Two brands of potato chips and two brands of breakfast cereals were purchased and stored at room temperature until processed. After homogenizing approximately 50 grams of a food sample, two grams were weighed into a 35 mL polypropylene centrifuge tube. Aqueous extraction of acrylamide was initiated by the addition of 20 mL water containing 1000 ng d3-acrylamide as the internal standard (final concentration = 50 ng/mL). The sample wa s vortexed for 30 s then subsequently centrifuged at 18,000 g for 15 minutes. Ten milliliters of the supernatant was decanted into a clean 35 mL centrifuge tube and centrifuged at 18,000 g for 10 minutes. Prior to analysis, 0.49 mL of the aqueous extract was filtered through a 0.45 μm centrifuge filter (Millipore Corp., Bedford, MA, USA) at 9,000 g for 5 minutes.

Sample Analysis: LC experiments were conducted with the use of a Finnigan Surveyor HPLC system (Thermo Electron, San Jose, CA, USA). A Hypercarb 2.150 mm column (Thermo Electron, Bellafonte, PA, USA) was utilized as the analytical LC column. Separations of acrylamide were achieved under isocratic conditions using 100% water as the mobile phase at a flow rate of 0.4 mL/min. The injection volume for all LC experiments was 10 μL.

To eliminate the need for solid phase extraction (SPE) purification prior to the analysis of the food sample extracts, a column-switching LC method was employed. Briefly, the sample extract was loaded onto 2.150 mm Aquasil C18 column (Thermo Electron, Bellafonte, PA, USA), which was positioned before a 6-port switching valve. The eluent from the C18 column was diverted to waste except for the period when acrylamide eluted from the C18 column, whereby the valve was switched to the Hypercarb column for MS/MS detection. This columnswitching method required a second Finnigan Surveyor MS pump, which also delivered 100% water at 0.4 mL/min. Both Finnigan Surveyor MS pumps and the 6-port switching valve were controlled using Xcalibur version 1.3 software.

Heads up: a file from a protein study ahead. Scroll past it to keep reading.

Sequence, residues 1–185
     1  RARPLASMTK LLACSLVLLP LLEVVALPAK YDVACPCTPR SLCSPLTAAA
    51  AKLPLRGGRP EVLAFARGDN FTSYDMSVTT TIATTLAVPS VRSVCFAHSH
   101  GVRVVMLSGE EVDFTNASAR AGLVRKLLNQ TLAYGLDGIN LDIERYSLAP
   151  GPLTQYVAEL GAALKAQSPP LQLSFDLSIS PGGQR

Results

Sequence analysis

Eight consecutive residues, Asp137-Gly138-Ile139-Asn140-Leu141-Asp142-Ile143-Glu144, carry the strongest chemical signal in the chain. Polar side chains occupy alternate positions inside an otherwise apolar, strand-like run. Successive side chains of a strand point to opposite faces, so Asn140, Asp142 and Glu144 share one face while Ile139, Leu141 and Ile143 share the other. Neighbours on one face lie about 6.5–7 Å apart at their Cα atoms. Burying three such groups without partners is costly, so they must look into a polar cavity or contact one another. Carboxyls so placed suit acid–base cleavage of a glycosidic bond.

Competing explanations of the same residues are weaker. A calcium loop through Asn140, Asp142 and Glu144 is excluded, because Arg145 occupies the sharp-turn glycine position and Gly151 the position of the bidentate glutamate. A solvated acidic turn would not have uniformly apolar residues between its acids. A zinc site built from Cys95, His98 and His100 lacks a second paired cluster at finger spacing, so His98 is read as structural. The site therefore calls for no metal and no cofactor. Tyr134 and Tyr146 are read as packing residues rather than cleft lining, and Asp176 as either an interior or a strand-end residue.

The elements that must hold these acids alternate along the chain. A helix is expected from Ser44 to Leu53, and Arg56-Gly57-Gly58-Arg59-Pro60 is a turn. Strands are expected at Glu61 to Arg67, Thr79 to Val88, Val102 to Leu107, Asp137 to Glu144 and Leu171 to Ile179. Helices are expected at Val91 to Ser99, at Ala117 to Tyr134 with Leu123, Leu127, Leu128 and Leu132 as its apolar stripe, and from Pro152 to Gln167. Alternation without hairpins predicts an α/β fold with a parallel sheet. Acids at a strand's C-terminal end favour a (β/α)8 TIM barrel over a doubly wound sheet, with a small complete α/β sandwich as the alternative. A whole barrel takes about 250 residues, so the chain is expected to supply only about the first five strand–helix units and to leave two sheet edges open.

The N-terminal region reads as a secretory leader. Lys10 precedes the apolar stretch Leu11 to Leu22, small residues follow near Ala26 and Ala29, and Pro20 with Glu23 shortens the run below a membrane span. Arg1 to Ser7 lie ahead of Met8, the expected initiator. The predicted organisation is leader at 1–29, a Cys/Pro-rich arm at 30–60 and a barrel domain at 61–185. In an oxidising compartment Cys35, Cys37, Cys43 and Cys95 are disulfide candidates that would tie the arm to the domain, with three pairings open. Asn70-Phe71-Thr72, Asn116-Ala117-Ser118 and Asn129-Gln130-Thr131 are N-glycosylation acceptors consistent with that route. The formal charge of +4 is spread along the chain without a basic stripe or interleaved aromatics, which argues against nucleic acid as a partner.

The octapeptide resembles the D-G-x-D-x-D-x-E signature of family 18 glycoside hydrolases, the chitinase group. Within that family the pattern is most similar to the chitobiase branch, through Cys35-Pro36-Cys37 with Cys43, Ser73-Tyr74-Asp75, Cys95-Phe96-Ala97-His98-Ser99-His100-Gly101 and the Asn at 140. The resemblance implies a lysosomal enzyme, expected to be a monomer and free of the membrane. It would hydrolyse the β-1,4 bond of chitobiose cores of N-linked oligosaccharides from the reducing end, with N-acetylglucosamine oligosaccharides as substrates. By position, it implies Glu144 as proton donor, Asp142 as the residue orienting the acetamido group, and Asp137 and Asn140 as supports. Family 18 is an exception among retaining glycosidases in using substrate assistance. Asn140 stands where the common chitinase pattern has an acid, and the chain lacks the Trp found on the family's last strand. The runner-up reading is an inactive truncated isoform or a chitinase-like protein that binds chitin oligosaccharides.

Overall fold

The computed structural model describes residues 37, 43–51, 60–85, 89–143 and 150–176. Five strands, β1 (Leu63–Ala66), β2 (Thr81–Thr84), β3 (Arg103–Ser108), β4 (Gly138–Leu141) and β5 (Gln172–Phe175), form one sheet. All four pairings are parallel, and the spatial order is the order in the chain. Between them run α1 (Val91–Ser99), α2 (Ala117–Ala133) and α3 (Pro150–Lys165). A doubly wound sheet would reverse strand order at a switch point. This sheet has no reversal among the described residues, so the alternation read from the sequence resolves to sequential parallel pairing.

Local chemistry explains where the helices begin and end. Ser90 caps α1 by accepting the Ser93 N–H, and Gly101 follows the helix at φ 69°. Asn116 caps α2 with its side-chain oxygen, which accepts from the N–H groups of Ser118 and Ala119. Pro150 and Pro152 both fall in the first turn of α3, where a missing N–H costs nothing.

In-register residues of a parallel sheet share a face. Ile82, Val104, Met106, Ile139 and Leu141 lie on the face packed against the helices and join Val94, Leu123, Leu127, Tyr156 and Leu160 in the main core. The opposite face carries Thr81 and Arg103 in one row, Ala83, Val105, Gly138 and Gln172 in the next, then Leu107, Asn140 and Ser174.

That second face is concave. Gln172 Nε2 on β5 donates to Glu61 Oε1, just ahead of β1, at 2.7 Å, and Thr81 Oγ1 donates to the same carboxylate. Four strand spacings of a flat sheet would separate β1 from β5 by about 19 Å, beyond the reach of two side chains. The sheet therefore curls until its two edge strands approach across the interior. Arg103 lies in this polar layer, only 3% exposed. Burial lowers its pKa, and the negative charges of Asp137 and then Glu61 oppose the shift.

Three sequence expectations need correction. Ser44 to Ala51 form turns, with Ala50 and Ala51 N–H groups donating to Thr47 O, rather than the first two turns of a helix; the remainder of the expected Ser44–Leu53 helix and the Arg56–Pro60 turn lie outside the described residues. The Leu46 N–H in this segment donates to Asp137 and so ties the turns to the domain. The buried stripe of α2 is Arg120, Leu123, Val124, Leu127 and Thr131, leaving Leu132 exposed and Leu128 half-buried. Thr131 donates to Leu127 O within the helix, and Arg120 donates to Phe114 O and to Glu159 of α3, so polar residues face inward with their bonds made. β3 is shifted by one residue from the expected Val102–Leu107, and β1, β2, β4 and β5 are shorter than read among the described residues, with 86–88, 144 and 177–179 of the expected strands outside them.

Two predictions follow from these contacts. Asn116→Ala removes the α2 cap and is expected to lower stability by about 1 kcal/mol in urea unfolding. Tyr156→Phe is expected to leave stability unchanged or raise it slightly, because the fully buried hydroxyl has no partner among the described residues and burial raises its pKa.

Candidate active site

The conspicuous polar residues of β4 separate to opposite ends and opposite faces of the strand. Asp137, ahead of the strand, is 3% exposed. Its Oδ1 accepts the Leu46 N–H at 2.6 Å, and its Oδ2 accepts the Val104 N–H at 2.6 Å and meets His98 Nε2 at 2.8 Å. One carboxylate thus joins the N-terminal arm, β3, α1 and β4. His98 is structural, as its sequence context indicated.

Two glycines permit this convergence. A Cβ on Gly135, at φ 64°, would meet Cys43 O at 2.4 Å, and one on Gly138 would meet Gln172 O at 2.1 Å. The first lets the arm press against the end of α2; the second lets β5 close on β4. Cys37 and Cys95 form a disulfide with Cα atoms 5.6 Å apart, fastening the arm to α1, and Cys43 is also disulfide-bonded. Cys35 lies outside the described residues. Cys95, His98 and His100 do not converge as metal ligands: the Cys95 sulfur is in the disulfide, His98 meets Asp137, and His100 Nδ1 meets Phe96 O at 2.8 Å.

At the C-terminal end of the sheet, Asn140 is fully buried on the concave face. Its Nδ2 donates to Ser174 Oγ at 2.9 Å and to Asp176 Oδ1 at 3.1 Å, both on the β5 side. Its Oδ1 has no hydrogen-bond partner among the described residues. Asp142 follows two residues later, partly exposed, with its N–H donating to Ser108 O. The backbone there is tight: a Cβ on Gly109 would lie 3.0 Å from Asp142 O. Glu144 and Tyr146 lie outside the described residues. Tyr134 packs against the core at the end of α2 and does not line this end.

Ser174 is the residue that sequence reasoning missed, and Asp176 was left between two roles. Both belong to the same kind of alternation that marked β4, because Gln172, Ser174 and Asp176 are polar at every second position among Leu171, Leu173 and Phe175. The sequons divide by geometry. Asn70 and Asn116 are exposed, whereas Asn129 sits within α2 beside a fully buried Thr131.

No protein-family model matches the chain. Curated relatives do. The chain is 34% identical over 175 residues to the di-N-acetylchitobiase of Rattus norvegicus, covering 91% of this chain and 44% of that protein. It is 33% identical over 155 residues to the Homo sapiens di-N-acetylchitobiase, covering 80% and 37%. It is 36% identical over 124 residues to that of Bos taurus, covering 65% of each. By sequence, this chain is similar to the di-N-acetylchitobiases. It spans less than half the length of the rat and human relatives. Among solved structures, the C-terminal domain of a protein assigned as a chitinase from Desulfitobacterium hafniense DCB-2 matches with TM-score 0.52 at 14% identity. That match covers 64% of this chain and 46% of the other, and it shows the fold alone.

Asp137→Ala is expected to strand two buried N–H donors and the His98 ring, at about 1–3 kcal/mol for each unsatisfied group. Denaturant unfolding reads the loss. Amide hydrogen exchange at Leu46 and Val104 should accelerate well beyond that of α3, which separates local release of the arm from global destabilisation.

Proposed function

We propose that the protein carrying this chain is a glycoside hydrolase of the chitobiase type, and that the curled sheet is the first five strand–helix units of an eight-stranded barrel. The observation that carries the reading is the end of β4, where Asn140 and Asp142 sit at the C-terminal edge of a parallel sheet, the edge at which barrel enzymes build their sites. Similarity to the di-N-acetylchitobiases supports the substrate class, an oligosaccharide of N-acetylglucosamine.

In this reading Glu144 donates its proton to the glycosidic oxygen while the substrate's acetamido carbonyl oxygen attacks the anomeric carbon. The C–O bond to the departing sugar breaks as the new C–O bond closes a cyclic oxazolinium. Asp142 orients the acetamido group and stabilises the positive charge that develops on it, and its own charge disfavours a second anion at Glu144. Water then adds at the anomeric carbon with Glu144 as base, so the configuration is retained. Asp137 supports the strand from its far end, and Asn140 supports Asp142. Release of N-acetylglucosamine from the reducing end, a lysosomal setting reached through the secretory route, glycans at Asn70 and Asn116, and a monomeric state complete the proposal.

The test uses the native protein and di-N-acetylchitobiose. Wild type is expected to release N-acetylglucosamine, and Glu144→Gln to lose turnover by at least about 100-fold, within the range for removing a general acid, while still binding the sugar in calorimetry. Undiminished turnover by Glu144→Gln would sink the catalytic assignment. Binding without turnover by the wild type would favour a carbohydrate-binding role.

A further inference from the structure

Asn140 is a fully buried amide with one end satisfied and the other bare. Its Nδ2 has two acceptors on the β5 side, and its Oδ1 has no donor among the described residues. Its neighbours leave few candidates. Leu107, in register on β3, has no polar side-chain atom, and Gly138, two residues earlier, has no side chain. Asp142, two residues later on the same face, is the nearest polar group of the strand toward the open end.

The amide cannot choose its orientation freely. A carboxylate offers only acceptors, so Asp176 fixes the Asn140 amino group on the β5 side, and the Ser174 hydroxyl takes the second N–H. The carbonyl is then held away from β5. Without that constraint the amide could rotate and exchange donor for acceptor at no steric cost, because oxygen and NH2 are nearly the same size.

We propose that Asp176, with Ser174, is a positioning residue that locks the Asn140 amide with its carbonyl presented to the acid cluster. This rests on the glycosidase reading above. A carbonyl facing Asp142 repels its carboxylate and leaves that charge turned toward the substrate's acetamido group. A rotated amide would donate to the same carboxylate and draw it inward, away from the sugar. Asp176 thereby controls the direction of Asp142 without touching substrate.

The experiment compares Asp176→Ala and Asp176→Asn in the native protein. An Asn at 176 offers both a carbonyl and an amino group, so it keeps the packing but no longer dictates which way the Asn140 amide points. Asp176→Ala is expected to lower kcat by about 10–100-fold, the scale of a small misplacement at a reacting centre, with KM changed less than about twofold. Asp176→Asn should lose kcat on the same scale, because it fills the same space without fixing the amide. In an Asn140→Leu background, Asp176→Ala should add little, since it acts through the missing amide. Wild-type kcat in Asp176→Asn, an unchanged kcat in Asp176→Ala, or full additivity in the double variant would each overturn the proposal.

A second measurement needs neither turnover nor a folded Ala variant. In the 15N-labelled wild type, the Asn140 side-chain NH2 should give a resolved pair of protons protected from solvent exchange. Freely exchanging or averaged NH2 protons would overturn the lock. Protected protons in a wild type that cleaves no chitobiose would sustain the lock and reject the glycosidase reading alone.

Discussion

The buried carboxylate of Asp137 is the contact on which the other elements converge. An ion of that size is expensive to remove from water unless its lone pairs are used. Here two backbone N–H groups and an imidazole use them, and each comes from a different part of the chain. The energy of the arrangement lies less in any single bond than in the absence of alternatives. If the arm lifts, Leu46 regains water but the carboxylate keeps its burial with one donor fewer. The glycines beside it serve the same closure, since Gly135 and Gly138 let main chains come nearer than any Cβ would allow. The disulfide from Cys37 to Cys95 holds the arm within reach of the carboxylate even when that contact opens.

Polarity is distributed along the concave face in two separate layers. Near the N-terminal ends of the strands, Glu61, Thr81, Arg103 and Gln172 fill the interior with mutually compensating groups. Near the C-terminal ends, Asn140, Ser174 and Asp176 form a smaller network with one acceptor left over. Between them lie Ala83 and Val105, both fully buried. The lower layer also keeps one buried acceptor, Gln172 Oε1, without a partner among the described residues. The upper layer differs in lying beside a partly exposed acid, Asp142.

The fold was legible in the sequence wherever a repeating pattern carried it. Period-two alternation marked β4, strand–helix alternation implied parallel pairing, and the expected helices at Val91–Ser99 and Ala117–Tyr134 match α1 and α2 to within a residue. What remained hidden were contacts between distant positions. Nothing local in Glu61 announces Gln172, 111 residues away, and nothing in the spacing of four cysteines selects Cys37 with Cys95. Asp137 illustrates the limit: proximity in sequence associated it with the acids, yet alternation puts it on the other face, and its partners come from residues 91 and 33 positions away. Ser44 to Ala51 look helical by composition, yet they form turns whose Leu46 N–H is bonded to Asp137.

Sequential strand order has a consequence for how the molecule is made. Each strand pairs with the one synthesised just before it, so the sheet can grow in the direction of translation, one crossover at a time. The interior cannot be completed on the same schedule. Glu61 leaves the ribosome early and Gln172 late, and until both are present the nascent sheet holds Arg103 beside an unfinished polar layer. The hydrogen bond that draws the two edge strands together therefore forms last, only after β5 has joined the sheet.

The experimental conditions for the Finnigan TSQ Quantum Discovery (Thermo Electron, San Jose, CA, USA) were as follows:

Source: APCI
Ion polarity: Positive
Vaporizer Temperature: 375C
Discharge Current: 5 μA
Ion Transfer Capillary Temperature: 250C
Source CID Offset: 6 V
Scan Mode: Selective Reaction Monitoring
Q2 Pressure: 1.0 mTorr argon
SRM Transitions: m/z 72→55 for acrylamide; m/z 75→58 for d3-acrylamide
Collision Energy: 13 eV
Scan Width: 1.0 u
Scan Time: 0.3 s (each SRM transition)
Q1, Q3 Resolution: Unit (0.7 u FWHM)

Results and Discussion
Prior to the acquisition of acrylamide standards, it was important to determine if there was any detectable native acrylamide contribution originating from the deuterated internal standard. As shown in Figure 1, there is no acrylamide signal observed for the m/z 72→55 SRM transition at the same retention time as the 50 ng/mL d3-acrylamide standard.

The limit of quantitation (LOQ) for acrylamide on the Finnigan TSQ Quantum Discovery was 0.25 ng/mL acrylamide or 2.5 pg on column (Figure 2). This compares favorably to LOQs previously reported by other research groups, including an 8-fold improvement over the mass LOQ by LC/ESI-MS/MS (20 pg)1 and a 40-fold improvement over the concentration LOQ on the TSQ 7000 (10 ng/mL),5 which used an LC/APCI-MS/MS method.